Back at the station, Simon examined the list of clients and finally found something interesting. Paul Sivers, Katherine Sivers' husband, had been a client of Dr Palmer's before his disappearance nearly fourteen years prior. Of course, the content of the sessions were private and protected, so the detective wasn't able to figure out the reason behind Paul Sivers' hiring a therapist. Dr Palmer's receptionist hadn't worked for her at the time and had therefore never met Mr Sivers, but she did provide Dr Palmer's former receptionist's phone number. The man had moved cities and hadn't had any contact with either Mr Sivers or Mrs Palmer since his relocation but he knew why Mr Sivers had consulted a mental health specialist: the man had been in a car accident shortly before contacting Dr Palmer and had had severe nightmares following his release from the hospital. The former receptionist hadn't been privy to any more information about it; he simply knew what Mr Sivers himself had said to him while he waited for his appointment. None of the other names on the list had even a remote link to Katherine Sivers, and of course Simon would look into all of them to ascertain that none had a motive to kill Mrs Palmer, in case the two murders were unrelated, but first he visited the Sivers boys to ask for more details on the car accident Mr Sivers had had. The boys – and their mother, when she was alive – lived in red-bricked townhouse in a residential area of the city, not far from both the law firm and the high school. The interior, once he'd rang the doorbell and had been invited in, Simon could see, was minimalist and modern, all wooden floors and tan colours. The boys were still dressed in their school clothes, of a similar style to their outfits of the day before, as they led Simon to the living room and took place on the couch. Greetings exchanged, Simon asked his questions.
"Were you aware of your father's consulting of a Dr Emily Palmer? She's a therapist here in town. It would have been fourteen years ago."
"Did something happen to her?" Jacob asked.
Simon sighed quietly. "She was killed sometime last night. I found out your father was a former client of her and I think there might be a link with what happened to your mother."
"I'm not aware of much of anything concerning Paul's life," Jacob answered his first question. Simon found he looked genuinely uninterested by the subject, but his brother wasn't.
"All I know is that he had a car accident, was injured and had nightmares afterwards. He went to the therapist for a while, and not long after that, he was gone."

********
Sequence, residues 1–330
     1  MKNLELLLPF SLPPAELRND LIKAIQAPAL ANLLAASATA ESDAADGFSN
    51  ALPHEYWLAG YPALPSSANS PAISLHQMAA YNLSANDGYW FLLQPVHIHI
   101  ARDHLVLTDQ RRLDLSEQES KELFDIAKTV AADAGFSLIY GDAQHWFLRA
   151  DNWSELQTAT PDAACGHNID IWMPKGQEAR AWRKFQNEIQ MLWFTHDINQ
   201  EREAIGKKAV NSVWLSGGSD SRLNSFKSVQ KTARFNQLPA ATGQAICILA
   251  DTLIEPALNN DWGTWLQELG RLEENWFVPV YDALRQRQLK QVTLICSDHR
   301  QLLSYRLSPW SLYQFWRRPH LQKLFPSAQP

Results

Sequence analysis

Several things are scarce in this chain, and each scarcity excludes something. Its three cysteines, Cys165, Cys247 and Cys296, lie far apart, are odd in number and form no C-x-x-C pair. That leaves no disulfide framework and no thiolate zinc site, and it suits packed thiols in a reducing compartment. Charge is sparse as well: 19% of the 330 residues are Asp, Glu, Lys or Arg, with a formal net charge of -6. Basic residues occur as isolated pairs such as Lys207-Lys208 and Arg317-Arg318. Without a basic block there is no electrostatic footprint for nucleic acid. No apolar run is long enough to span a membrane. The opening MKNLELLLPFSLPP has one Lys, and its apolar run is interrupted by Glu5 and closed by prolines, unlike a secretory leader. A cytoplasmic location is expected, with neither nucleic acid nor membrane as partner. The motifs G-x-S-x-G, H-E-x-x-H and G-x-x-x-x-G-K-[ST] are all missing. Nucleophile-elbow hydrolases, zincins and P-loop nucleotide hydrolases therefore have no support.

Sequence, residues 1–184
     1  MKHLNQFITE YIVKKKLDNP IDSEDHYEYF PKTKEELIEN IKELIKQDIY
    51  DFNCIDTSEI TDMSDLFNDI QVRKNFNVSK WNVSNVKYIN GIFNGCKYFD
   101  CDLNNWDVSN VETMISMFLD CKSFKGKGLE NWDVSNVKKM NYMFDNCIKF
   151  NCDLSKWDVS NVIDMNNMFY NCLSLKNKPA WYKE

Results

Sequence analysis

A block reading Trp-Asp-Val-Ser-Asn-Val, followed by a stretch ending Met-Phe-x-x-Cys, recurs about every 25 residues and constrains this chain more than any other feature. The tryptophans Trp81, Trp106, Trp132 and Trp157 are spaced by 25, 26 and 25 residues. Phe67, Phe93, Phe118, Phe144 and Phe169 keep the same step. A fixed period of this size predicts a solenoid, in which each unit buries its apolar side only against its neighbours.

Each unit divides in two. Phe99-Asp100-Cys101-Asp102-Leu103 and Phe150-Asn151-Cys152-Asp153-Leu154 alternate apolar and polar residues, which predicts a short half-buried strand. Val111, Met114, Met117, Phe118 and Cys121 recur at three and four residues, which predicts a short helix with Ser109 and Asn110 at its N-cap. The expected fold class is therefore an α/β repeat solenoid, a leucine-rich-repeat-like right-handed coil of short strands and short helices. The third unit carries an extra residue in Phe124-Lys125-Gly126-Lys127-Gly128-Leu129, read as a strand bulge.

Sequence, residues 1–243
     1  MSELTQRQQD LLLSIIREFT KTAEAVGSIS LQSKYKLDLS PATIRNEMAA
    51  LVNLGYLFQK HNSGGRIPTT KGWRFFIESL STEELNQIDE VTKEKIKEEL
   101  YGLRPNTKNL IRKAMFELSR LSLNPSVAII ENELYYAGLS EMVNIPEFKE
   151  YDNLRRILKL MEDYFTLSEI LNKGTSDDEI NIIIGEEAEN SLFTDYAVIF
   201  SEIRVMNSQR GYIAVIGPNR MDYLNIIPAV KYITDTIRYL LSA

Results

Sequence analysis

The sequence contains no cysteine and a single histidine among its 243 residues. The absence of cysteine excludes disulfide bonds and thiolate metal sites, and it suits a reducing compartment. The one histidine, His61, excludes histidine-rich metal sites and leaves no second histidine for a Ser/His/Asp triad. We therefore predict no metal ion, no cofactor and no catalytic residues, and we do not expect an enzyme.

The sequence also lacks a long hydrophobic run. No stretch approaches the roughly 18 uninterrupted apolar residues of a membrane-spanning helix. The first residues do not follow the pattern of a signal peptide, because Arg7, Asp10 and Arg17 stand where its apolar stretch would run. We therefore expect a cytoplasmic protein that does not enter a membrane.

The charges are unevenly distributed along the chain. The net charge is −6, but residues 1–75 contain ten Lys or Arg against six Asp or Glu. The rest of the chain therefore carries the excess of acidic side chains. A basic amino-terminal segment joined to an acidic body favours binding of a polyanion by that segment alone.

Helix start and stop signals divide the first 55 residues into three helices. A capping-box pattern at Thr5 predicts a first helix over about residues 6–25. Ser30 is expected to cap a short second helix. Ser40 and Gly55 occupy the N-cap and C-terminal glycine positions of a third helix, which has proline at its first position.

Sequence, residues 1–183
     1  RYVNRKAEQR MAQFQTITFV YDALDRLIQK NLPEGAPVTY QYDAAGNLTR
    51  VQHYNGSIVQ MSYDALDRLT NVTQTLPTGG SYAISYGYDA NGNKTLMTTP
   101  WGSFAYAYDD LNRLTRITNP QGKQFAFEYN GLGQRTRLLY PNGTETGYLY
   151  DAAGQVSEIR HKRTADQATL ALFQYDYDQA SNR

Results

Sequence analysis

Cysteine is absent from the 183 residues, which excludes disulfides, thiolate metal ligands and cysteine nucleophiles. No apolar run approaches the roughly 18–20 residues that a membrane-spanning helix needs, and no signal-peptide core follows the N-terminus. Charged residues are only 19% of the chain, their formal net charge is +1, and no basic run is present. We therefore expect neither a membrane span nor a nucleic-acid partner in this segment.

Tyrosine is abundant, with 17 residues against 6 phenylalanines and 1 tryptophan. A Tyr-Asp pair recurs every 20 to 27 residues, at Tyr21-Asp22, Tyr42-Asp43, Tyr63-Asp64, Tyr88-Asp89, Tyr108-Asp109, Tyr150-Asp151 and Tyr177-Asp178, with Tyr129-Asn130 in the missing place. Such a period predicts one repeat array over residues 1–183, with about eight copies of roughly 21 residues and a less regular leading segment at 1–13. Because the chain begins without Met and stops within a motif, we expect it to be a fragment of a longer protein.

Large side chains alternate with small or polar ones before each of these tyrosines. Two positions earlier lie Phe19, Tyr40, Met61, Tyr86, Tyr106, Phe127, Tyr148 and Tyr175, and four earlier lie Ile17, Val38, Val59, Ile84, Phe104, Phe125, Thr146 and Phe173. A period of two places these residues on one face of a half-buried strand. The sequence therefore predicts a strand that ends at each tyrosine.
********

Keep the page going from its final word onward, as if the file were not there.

"You wouldn't have been much older than two years old when this happened. How did you hear about it?"
"I was curious. I asked and my mother told me."
Simon nodded, "Nothing else?"
"Not about this, no."
"Anything about his disappearance?"
"One day he was here, the next he wasn't," Jacob said. "Mom called the police, the hospitals, put his picture up all over the county, he wasn't anywhere."
"And none of you, including your mother, heard from him again since?"
Simon hadn't expected the boys to provide much information; after all they were all of two and four when their father disappeared, so he wasn't disappointed not to hear anything useful. He thanked them and returned to Dr Palmer's office building. It was now early evening, people would be coming home from work, and he hoped one of them would have noticed something the night before. He spent a couple of hours going door to door, but no one had seen anything out of the ordinary. No new faces in the stairway, no strange vehicles parked out front, no obvious knife-wielding psychopath hanging around the building. He went back to the station and decided to look deeper into Paul Sivers' disappearance via the missing persons' database. As Jacob had said, from one day to the next, everything stopped. No more phone calls or credit card withdrawals, no more showing up for work. His car had been found intact near his usual gym, but no one had seen him there and his member card hadn't been used to sign in. His body had ever been found; his death had never been proven. He had simply vanished and left no trace behind. From his financials and interview reports from the time, he had no reason to want to run away – no debt, no threats, and no enemies. On a hunch, Simon phoned the hospital where Paul Sivers had stayed after his car accident, a mere three months before he disappeared and asked for his medical records. He fetched himself a coffee while he waited for the files to reach him then spent a few hours looking into every member of staff Sivers had been in contact with. Of all his surgeons, doctors, nurses and physical therapists, only one had also mysteriously disappeared. One Carol Jeffers, 37, mother of two, had been one of the nurses tending to Mr Sivers and had not been seen for almost six months.